Holdeman, for Tom Yoder chairman of the land acquisition, provided information on last year’s acquisitions. He noted WACF was successful in purchasing property adjacent to Turkey Creek and to trade two barns and high ground on that property for an 8.5-acre conservation easement along Turkey Creek. He also noted WACF was successful in purchasing 4.5 acres of a 100 acre farm east of the middle school to build a sediment farm to get cleaner water flowing through Leeland Gardens.
He added there is 761 acres of property, including 35 wetlands, owned by the conservancy. He also added at this point WACF owns 50 percent of what a study 10 years ago suggested the WACF needed to preserve and protect the wetlands.
Heather Harwood, executive director, presented the project updates. Earlier Holdeman noted in 21 years the foundation has received $1.35 million in grants and donations.
Harwood noted a grant was received through the Elkhart River Restoration Association to work with farmers in the watershed to keep the soil on the fields and out of the waterways and the lake along with continued work at Dillon Creek, the number one hot spot. “This substantial grant of $400,000 is allowing us to get up there and work with all kinds of people in the watershed and getting that sediment held,” stated Harwood.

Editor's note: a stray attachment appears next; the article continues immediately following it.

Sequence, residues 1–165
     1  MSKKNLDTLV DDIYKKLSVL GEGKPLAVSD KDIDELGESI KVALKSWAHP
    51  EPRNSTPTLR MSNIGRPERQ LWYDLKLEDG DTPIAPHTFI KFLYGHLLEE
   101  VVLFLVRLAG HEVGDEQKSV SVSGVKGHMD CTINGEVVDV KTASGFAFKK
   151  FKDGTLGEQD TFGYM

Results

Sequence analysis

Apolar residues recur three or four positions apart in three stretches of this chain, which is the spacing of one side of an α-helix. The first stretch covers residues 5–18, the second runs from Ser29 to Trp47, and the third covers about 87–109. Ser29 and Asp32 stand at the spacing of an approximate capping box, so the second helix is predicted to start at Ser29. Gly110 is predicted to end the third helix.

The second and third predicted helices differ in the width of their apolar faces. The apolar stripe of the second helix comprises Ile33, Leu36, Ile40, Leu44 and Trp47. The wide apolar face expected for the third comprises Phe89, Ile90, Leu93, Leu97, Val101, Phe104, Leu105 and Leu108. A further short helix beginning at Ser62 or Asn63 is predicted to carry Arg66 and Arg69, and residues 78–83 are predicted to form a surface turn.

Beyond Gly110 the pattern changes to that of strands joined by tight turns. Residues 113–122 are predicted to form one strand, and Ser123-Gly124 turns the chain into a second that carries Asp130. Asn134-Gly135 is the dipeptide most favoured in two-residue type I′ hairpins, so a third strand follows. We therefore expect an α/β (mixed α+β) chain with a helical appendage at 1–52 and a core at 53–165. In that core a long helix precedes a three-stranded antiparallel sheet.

Upcoming projects she noted include the 4.5 acres behind the middle school and what can be done to hold some of the muddy plum coming into the lake, a project at Hindman Lake and working on the lake access development ordinance update c the funneling ordinance c to tighten up the regulations. She noted the current regulations allow for double dipping.
Dan Berkey reported this was the end of the 16th year for the canoe trips that were cut short due to the drought. Berkey who noted the trips were educational used a funnel as an analogy of the watershed to Lake Wawasee. He stated the outer edge of the funnel represented the 23,000 acres in the watershed, with the small tip being lake Wawasee. Everything going into the funnel flows to the small opening. The same with the watershed.